Rob Philp's message to men is simple: get checked.
Mr Philp did get checked, but with hindsight in tow, he said he should have done it sooner.
The 62-year-old was diagnosed with prostate cancer four years ago.
"I had a test two years prior [to his diagnosis] and I should have went back the next year," he said. "I didn't and in that two years, my PSA doubled."
The blood level of PSA, prostate-specific antigen, is often elevated in men with prostate cancer.
"I was sent to a specialist, had a biopsy and the biopsy indicated I had an aggressive form of prostate cancer," Mr Philp continued.
"Since then I've had a prostatectomy, which is the removal of the prostate, two lots of radiation and I'm now what they call stage 4. It's not curable, but there's lots of treatments."
Today, 211,000 men live with or beyond prostate cancer and that number is expected to increase to 372,000 by 2040.
And with Men's Health Week starting on Monday, Mr Philp said it was as good a time as any to get checked for prostate cancer.
The Prostate Cancer Foundation of Australia says men over age 50, or 40 with a family history of prostate cancer, should talk to their doctor about testing for prostate cancer using the PSA blood test or the DRE (digital rectal exam) as part of their annual health check-up.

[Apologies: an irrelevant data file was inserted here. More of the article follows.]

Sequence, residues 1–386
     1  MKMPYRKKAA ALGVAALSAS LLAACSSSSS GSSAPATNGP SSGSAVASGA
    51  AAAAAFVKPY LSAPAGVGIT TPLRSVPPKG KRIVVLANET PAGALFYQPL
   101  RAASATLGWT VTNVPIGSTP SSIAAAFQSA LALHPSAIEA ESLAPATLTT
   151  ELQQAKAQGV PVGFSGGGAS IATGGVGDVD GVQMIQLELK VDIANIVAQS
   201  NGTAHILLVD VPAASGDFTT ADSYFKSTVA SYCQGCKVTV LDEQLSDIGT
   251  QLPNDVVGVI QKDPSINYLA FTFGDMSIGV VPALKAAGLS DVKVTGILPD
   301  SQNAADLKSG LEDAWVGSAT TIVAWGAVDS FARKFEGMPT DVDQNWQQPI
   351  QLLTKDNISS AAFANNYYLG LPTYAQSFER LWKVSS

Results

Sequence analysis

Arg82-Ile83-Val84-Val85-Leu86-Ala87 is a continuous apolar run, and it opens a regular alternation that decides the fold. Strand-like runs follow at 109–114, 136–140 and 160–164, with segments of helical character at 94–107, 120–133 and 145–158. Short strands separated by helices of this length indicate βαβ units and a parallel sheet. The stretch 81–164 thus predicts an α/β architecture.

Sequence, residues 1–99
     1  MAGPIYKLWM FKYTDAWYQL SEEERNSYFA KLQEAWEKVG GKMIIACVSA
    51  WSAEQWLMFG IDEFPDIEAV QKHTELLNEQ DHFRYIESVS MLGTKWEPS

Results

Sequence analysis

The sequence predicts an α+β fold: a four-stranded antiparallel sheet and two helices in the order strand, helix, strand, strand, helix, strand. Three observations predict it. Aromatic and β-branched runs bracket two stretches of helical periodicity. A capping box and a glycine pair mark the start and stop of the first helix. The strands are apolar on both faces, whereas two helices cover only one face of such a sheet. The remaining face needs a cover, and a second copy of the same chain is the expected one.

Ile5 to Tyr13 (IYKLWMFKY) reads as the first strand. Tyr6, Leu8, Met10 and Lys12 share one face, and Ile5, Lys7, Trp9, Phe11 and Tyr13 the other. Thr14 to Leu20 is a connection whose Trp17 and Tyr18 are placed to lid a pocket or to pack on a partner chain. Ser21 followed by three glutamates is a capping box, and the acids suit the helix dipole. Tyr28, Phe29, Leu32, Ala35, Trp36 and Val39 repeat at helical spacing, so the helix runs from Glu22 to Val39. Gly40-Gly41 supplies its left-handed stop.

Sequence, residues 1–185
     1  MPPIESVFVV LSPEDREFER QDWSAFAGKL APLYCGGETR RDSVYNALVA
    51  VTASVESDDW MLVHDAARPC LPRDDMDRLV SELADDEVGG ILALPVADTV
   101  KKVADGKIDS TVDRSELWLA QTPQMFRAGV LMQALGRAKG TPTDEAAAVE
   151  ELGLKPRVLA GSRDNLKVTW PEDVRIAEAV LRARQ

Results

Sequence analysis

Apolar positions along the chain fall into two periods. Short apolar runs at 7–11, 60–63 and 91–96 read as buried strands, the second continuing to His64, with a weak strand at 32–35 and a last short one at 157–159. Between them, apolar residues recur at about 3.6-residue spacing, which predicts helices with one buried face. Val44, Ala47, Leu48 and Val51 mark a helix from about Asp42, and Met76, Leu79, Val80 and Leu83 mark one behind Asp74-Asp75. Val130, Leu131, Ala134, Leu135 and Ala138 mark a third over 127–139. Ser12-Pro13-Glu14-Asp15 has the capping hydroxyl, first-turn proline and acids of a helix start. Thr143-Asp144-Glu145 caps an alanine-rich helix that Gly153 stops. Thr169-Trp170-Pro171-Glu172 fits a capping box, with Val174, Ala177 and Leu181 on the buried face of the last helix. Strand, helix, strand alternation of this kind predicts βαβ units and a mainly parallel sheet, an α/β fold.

Mr Philp said men can get complacent, but he urged them not to be.
"Don't wait until it happens. Get a regular check-up," he said.
"Men are renowned for putting things off or not doing them at all because they decide they're too busy.
"If they don't look after their health for themselves, they should do it for their family. For their partners, their children, grandchildren because the impact it has on them is quite substantial.
"As a man with prostate cancer, I know it's just as hard for the wives as the men. They suffer along with you."
Despite what he's been through, Mr Philp is still a half glass full person - "three quarters full" if you ask him.
Fatigue affects him and hot flashes mean he might wake up several times a night, but he manages to still see the silver lining.
"I look at having prostate cancer as it's not great but at least the doctors can treat it in some way," he said.
The 62-year-old keeps fit - he's set up a gym at home since the coronavirus pandemic hit - and is the president of the Tamworth and District Prostate Cancer Support Group.
"The group is there to provide support to men and families," he said.
"They can meet and talk with people in the same situation."
Mr Philp also has a Facebook page - Prostate Cancer my experience, Rob Philp - where he posts regular updates and info.